It is that time of year, when high school and college students leave the perceived safety of the status quo to move on to new adventures and challenges.  For some reason, people across America (students and parents) feel the need to celebrate this transition with a party.  We have just experienced such an event as our second child (a daughter) graduates from high school.

There is always a great deal of preparation.  What do we cook?  What do buy?  What do we serve?  How many people do we invite?  How much seating should we provide?  Will there be any decorations?  As the dad, I do not have to be part of the discussion, I just have to perform the assigned tasks.

What is difficult to understand about these events is how truly eclectic they are.  They cannot be on the day of graduation, or there would be too many at once.  They cannot last too long, because people have to go to many parties on the same day.  Gifts are usually only given by people who cannot attend the event.  The students cycle through during the allotted time; eating, talking, then moving on to the next party.  The honored student disappears with special friends for a while, or shows up late from a preceding party, then leaves early to catch the next one.  Parents invite their own friends and sometimes old neighbors.  This group rarely intermingles with the younger crowd and seldom even discusses the future plans of the student, although there is always the obligatory “I remember when she was only this tall” comment.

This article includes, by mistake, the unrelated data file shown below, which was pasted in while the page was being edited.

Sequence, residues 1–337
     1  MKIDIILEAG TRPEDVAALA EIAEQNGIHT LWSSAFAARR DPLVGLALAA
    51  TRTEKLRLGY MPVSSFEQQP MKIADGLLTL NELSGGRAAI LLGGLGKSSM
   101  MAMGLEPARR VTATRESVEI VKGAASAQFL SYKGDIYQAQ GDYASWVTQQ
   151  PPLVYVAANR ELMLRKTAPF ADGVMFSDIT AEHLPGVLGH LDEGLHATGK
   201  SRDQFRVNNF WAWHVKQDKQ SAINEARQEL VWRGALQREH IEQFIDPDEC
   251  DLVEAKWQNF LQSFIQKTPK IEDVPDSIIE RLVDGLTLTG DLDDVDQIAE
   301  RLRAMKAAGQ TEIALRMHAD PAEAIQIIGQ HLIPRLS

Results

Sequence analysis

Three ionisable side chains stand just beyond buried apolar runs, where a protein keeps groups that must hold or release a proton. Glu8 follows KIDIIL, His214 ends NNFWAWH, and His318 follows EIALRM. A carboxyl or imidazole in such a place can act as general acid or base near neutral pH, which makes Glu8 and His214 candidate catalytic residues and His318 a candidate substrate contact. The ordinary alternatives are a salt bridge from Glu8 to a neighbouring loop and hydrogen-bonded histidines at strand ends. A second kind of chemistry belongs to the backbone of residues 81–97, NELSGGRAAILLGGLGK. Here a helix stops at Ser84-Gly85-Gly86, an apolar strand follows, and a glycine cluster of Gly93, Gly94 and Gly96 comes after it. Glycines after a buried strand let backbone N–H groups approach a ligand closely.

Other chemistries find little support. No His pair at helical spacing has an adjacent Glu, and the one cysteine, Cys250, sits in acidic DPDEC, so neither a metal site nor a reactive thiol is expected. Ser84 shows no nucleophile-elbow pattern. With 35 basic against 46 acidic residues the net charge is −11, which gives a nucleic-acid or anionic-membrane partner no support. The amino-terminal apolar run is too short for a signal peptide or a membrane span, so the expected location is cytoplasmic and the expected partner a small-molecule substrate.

We had a relatively easy time of it.  I had to grill hamburgers and hotdogs.  We made some pasta salad, cookies and brownies the night before.  Everything else was prepackaged; from carbonated beverages to the cutlery.  Even though over 200 people were invited, we only cooked for 50 so the costs were not that bad.  Clean up was easy, what wasn’t eaten was tossed, and the kids who came were very helpful before they left.  Much more mature than I was at that age.

The older crowd stayed well beyond the published end time for the party.  It was nice to reminisce with old neighbors and friends.  You can find out so much about other peoples plans, dreams, troubles and histories by just sitting and talking on a warm May evening.

So why have a graduation party?  I say for the parents to enjoy themselves.  My daughters say it is for the students.  My son, who had six pizzas and six friends in the basement for video games, claims it is all for the stores to make money.  In the end, a party is for everyone who plans, throws or attends it.

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Martin writes about writing in his weekly column Ramblings from Martin.

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